The Court’s ruling pertains to 21 lawsuits filed against the Archdiocese and three other defendants for the sexual abuse of kids by Edwin “Ted” Gaynor, a former teacher and coach at several local grammar schools.
This week, a Westchester County judge ordered the Archdiocese of New York and three of its Catholic grammar schools to turn over documents requested by attorneys for the alleged victims of Edwin “Ted” Gaynor.
At least 21 people have accused Gaynor of sexually abusing them as children in lawsuits filed since the Child Victims Act statute of limitations window opened in 2019. The plaintiffs say they were abused between the 1950s and the 1980s. Gaynor worked as a teacher and coach at multiple Catholic schools throughout the Archdiocese of New York, including Immaculate Heart of Mary (Scarsdale), St. Bernard (White Plains), and Holy Rosary (Hawthorne).
The latest court ruling comes in response to the plaintiffs’ routine requests for documents pertaining to Gaynor’s history in the Archdiocese of New York, and, more specifically, what it and the other defendants may have known about the likelihood that he might sexually abuse the kids he encountered through work. The Archdiocese and the other defendants fought to keep the documents secret, arguing there is no relevant evidence in their files.
This part of a court case is often referred to as the “discovery” phase of a lawsuit, during which the attorneys for both sides obtain information and evidence relating to the case. In this case, the documents are important to establishing the defendants’ negligence in the employment and supervision of Gaynor and the children entrusted to his care. Lawyers for the Archdiocese of New York claim that Gaynor was solely responsible for the four decades of abuse, and that Archdiocese officials were unaware of any abuse until the lawsuits were filed. These documents are important to plaintiffs’ attorneys because they help show what the Archdiocese knew, or should have known, about the dangers (or, conversely, what officials did not know).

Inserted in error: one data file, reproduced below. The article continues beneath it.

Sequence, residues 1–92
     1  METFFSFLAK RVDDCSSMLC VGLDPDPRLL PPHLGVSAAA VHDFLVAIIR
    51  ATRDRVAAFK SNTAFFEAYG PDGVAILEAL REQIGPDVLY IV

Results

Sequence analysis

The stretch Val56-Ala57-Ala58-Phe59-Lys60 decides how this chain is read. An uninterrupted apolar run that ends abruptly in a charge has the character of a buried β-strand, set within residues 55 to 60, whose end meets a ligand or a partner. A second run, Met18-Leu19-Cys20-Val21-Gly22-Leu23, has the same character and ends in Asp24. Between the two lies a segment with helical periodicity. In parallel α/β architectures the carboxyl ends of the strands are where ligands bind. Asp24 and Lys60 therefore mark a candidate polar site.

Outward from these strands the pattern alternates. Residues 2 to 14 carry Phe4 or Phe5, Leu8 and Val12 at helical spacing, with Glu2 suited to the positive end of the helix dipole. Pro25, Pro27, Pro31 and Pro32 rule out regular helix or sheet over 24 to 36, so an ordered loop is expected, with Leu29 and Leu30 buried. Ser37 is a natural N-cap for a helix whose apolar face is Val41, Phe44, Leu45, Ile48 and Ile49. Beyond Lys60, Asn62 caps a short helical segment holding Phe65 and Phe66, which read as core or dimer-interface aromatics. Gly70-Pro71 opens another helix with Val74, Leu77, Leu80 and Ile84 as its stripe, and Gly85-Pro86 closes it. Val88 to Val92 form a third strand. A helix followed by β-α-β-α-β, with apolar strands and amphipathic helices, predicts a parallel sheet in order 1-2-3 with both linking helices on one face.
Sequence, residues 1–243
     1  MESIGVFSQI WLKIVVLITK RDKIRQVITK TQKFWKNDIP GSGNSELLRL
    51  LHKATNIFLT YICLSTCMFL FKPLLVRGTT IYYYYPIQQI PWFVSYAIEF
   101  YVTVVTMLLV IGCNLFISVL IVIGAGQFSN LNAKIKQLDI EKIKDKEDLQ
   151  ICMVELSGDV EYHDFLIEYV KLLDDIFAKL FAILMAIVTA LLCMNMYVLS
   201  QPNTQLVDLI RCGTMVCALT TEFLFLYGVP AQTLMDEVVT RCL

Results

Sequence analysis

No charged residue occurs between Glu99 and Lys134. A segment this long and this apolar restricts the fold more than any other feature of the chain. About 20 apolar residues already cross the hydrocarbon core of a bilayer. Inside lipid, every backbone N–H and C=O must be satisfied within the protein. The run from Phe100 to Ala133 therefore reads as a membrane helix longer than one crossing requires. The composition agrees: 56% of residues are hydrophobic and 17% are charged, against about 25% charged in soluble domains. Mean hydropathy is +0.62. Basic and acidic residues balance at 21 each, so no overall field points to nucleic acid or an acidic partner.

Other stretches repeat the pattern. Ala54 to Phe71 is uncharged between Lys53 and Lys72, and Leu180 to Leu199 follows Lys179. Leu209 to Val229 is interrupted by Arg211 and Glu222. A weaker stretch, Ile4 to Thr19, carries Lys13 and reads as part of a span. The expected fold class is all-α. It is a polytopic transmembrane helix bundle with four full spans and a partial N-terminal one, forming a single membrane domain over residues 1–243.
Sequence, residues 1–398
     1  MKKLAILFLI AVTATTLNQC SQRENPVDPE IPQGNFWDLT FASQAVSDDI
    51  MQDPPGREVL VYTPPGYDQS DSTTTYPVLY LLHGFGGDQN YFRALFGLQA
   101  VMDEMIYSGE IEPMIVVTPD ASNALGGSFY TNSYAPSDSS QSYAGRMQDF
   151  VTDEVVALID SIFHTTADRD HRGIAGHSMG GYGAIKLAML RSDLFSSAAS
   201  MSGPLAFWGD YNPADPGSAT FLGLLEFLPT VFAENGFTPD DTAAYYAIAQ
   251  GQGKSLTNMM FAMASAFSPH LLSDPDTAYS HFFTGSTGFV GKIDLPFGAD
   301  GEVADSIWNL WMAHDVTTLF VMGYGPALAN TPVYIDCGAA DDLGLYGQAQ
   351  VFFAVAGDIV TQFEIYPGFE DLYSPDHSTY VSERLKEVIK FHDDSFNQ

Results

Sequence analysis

This ruling represents a victory for Gaynors’ accusers, who not only require the documents to proceed with their lawsuits, but who may also be able to shed light on any of the Archdiocese’s efforts to conceal abuse allegations and endanger the general public through secrecy. This was a battle well-fought and a well-deserved victory for survivors.
Horowitz Law is a law firm representing victims and survivors of sexual abuse by Catholic priests and other clergy in the Archdiocese of New York. If you need a lawyer because you were sexually abused by a priest or other Catholic clergy in New York State, contact our office today. Although many years have passed, those abused by Catholic clergy in the Archdiocese of New York now have legal options, but filing deadlines will apply so do not delay in reaching out to us. Our lawyers have decades of experience representing survivors of clergy sexual abuse in New York and nationwide. We can help.